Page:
Canada Won’t Commit New Funding for Renewable-Energy Program, Oliver Says

Canada won’t commit new funding to a C$1.4-billion ($1.47 billion) program used by companies such as Suncor Energy Inc. (SU) and TransAlta Corp. to fund renewable-energy projects, Natural Resources Minister Joe Oliver said today.

Canada plans to cut C$4 billion in spending annually to help it balance its budget by the fiscal year starting April 2014. Oliver said spending restraint was one reason his department hasn’t renewed the ecoEnergy for Renewable Power program, which funded wind farms developed by Suncor and TransAlta as well as solar-power projects developed by Enbridge Inc.

“You’ve got to make choices. You’ve got to make decisions. Things have to be affordable,” Oliver said in a telephone interview with Bloomberg News.

Oliver, who is part of the committee that’s reviewing spending, said the government is trying to balance fiscal prudence and promoting “clean-energy” technologies. Groups such as the Canadian Wind Energy Association have called on the government to renew the program.

The government said today it will invest C$53 million in 17 clean-energy projects across the country, including C$2 million for Solantro Semiconductor Corp. of Ottawa, a company developing technology to improve the performance of solar cells.

Oliver said the government is focusing on projects with commercial applications. “Clean energy funding is designed to have a practical purpose, either in the marketplace or to develop alternative approaches,” he said.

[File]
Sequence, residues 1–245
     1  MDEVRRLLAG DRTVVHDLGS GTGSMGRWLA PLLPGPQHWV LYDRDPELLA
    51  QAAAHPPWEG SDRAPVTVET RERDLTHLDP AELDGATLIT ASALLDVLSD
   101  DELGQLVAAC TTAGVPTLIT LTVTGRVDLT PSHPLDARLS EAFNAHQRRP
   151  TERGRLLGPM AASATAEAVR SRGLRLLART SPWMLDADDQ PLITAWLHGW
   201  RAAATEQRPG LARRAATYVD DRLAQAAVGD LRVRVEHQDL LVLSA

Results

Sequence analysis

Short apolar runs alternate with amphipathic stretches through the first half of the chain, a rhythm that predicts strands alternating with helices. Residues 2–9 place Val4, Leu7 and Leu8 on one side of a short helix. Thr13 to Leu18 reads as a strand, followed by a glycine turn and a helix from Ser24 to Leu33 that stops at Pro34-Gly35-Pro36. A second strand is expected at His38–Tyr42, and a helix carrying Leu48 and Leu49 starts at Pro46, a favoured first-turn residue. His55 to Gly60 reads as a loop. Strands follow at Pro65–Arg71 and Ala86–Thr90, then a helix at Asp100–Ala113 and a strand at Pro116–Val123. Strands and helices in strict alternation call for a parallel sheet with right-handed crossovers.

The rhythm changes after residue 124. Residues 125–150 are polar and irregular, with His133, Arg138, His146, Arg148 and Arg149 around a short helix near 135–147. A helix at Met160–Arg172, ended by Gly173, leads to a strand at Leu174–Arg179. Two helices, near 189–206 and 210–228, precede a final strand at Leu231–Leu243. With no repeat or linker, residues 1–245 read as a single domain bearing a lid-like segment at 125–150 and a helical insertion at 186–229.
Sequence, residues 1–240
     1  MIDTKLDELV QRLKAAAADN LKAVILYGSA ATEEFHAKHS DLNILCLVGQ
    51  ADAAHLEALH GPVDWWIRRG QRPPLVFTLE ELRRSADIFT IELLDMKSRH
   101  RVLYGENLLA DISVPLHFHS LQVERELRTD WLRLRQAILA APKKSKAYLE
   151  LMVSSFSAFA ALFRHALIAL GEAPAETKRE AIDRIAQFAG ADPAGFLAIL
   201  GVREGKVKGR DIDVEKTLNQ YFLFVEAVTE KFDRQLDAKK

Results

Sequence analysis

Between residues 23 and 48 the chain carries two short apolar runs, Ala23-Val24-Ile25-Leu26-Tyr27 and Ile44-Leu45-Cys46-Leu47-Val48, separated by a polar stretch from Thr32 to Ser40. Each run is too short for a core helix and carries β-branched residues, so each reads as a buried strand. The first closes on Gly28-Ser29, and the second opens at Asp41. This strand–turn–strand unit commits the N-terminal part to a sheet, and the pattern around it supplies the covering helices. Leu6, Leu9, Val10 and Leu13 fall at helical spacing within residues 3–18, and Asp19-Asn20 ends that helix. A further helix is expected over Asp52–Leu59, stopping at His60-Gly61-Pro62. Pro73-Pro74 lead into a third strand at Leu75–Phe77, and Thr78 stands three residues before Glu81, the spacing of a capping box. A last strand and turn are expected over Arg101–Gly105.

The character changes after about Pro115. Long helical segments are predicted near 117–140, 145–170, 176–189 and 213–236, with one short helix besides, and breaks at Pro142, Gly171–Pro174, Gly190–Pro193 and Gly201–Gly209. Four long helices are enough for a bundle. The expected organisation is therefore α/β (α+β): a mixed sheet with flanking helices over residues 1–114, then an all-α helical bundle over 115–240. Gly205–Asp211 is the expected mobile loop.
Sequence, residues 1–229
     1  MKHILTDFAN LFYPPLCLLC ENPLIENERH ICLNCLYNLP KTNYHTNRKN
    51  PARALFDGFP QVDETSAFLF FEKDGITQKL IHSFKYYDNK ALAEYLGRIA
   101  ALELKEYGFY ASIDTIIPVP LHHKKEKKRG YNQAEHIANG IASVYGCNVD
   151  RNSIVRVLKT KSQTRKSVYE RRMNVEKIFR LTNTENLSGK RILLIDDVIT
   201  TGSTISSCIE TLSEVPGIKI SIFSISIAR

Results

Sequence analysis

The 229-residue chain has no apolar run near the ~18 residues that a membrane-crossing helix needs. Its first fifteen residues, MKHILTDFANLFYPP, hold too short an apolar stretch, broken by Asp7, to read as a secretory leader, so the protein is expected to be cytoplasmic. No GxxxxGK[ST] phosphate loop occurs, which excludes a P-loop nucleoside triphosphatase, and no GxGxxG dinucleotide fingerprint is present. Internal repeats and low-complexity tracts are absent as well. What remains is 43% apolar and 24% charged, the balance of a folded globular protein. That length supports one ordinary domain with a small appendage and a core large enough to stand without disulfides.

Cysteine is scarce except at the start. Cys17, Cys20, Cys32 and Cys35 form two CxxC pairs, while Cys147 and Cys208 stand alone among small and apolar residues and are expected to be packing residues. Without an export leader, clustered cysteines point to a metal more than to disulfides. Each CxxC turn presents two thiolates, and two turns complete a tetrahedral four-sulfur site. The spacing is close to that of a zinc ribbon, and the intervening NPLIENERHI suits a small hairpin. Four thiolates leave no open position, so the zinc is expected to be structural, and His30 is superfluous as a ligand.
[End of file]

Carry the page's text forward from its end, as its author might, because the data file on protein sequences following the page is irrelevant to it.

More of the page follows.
The ecoEnergy for Renewable Power program provides C$1.4 billion over 14 years to fund projects that generate electricity from renewable sources such as wind and solar power.

The government said earlier this month said it would invest another C$400 million in a program that provides grants to homeowners to make energy-saving renovations.

Finance Minister Jim Flaherty said his government will run a C$32.3 billion budget deficit in the current fiscal year.

To contact the reporter on this story: Andrew Mayeda in Ottawa at

To contact the editors responsible for this story: Christopher Wellisz at; David Scanlan at

Press spacebar to pause and continue. Press esc to stop.

Bloomberg reserves the right to remove comments but is under no obligation to do so, or to explain individual moderation decisions.

Please enable JavaScript to view the comments powered by Disqus.